MRI reveals ancient Siberian ‘princess’ had breast cancer
The discovery of the mummified remains of the so-called Princess Ukok in 1993 in a permafrost subterranean tomb in the Altai Mountains – close the borders of Kazakhstan, China, and Mongolia – was arguably the most significant Russian archaeological finding of the late 20th century.
Since then, her remains have been undergoing exams at the
research facility in Novosibirsk to include facial
reconstruction, DNA tests, and other research projects. She has
been linked to the nomadic Pazyryk culture that inhabited the
plateau about 5th Century BC.
Scientists knew she was young since she died at the age of 25, but only recently did they discover what probably caused her death.
Using MRI scanners, scientists detected asymmetrical signals in the mummy.
“During the imaging of mammary glands, we paid attention to their asymmetric structure and the varying asymmetry of the MRI signal. We are dealing with a primary tumor in the right breast and right axial lymph nodes with metastases,” Dr. Andrey Letyagin of the Institute of Physiology and Fundamental Medicine told The Siberian Times.
Letyagin worked with Dr. Andrey Savelov of the International Tomography Center, and together their findings were recently published in Science First Hand journal.
The mysterious woman in question was a little over 20 years old when she developed breast cancer, which destroyed her over five years later, Letyagin told the journal.
“The three first thoracic vertebrae showed a statistically significant decrease in MR signal and distortion of the contours, which may indicate the metastatic cancer process,” he added. “I am quite sure of the diagnosis - she had cancer. She was extremely emaciated. Given her rather high rank in society and the information scientists obtained studying mummies of elite Pazyryks, I do not have any other explanation of her state. Only cancer could have such an impact.”
“It is clearly seen the tumor in her right breast, visible is the metastatic lesion of the lymph node and spine…She had cancer and it was killing her,” said Letyagin.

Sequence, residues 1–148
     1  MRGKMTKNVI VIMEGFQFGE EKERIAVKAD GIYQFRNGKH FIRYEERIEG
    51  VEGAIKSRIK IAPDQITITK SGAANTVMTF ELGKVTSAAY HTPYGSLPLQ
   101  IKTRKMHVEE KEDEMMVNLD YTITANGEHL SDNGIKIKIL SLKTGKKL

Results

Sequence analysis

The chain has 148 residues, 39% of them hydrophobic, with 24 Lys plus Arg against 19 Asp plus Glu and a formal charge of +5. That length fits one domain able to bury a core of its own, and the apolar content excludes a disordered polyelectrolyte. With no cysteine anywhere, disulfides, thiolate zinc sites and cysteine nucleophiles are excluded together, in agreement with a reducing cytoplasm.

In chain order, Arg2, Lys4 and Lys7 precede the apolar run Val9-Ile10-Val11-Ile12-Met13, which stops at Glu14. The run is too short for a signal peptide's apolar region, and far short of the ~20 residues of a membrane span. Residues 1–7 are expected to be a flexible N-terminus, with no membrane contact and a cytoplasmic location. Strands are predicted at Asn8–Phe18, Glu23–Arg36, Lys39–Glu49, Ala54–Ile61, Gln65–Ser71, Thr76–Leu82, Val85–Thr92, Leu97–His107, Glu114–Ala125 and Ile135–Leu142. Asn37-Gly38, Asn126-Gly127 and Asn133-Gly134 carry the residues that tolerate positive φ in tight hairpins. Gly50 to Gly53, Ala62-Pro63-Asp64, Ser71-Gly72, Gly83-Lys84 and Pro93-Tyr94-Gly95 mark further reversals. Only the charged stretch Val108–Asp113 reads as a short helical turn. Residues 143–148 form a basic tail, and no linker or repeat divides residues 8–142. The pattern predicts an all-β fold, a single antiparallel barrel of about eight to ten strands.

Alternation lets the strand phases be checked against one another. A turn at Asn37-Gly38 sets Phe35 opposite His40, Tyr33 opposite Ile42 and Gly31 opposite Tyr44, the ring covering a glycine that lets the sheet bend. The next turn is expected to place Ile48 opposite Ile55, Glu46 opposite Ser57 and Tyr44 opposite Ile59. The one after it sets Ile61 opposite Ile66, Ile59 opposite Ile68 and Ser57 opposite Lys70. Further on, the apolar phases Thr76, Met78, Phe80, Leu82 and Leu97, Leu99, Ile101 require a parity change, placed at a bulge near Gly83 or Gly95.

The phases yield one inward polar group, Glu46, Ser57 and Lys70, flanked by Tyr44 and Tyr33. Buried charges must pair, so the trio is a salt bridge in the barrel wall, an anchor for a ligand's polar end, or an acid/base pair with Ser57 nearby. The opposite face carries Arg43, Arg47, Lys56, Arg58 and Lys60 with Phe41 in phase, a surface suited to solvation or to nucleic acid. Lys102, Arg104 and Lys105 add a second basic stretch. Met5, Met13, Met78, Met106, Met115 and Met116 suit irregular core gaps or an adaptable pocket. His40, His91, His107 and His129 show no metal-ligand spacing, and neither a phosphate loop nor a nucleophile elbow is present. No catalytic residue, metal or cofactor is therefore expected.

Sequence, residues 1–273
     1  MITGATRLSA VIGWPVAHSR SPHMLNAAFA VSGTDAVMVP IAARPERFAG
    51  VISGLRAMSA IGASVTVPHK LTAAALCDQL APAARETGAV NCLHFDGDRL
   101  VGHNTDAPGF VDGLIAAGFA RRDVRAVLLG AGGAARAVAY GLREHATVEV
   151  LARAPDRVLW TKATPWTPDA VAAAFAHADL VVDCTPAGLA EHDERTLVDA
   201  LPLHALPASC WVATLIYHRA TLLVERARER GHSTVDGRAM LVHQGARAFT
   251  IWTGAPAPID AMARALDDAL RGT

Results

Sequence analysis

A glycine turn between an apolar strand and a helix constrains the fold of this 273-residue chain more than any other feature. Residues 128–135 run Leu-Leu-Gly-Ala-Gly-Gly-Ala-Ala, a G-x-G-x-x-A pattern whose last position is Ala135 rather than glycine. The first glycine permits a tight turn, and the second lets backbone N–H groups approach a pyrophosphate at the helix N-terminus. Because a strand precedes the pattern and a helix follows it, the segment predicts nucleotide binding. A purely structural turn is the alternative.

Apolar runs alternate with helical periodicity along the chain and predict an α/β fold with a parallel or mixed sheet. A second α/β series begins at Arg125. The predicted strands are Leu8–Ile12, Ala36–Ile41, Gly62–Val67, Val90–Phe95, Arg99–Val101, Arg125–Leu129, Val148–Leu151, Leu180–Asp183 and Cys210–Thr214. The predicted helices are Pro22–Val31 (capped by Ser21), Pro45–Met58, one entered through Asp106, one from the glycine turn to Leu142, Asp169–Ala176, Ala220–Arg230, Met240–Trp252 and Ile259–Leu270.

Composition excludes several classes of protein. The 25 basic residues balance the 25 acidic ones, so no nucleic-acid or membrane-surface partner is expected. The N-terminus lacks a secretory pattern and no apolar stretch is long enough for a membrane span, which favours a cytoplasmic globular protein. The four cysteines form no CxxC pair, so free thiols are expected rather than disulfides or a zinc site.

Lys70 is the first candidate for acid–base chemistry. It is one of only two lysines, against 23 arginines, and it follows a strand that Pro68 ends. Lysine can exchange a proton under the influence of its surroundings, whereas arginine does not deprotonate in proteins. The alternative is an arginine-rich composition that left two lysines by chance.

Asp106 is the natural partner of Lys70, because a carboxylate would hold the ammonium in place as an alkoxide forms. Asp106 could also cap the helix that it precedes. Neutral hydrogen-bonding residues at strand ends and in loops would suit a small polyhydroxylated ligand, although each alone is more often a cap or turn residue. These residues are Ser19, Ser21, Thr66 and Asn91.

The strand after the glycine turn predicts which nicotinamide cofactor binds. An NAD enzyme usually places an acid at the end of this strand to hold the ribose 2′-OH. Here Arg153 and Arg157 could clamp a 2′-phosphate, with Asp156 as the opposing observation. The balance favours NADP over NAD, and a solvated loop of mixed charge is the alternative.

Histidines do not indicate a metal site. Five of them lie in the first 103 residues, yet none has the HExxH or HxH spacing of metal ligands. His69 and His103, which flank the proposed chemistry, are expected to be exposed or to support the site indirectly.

Still, Letyagin said it is hard to know if cancer was the direct
cause of her death because he could also see traces of trauma in
her bones – dislocations of joints, fractures of the skull – as
if she fell from a high surface.
Cancer has been documented to have existed since ancient Egypt, and when the circumstances are conducive, MRIs are being used for further understanding. Dr. Mislav Carka, a medical doctor at the University of Zagreb, used an MRI on a 29,000-year-old male mummy and detected a rare form of cancer.
Letyagin and Savelov said the MRI showed the princess also
suffered from osteomyelitis, an infection of the bone or bone
marrow, from childhood or adolescence.
But how did the young princess cope with what must have been excruciating pain? Dr. Natalia Polosmak, the archeologist who found the remarkable human remains in 1993, said she likely used some analgesics.
“In ancient cultures, from which there is a written testimony, such analgesics used were wine, hashish, opium, henbane, and extract of mandrake, aconite and Indian hemp. The Pazyryks knew hemp and its features,” she said.
In fact, the princess’ chamber did contain cannabis.
“Probably for this sick woman, sniffing cannabis was a forced necessity,” said Polosmak. “And she was often in an altered state of mind. We can suggest that through her the ancestral spirits and gods could speak.”
Though she is often referred to as a princess, the archaeologist thinks the woman might have been a shaman, as her remains were discovered in a tumuli or Kurgan, and buried in a similar style reserved usually for royalty.
The excavation and study of the woman's remains have been surrounded by controversy locally, as some Altay elders believe that disturbing her tomb has angered her spirit and caused natural disasters.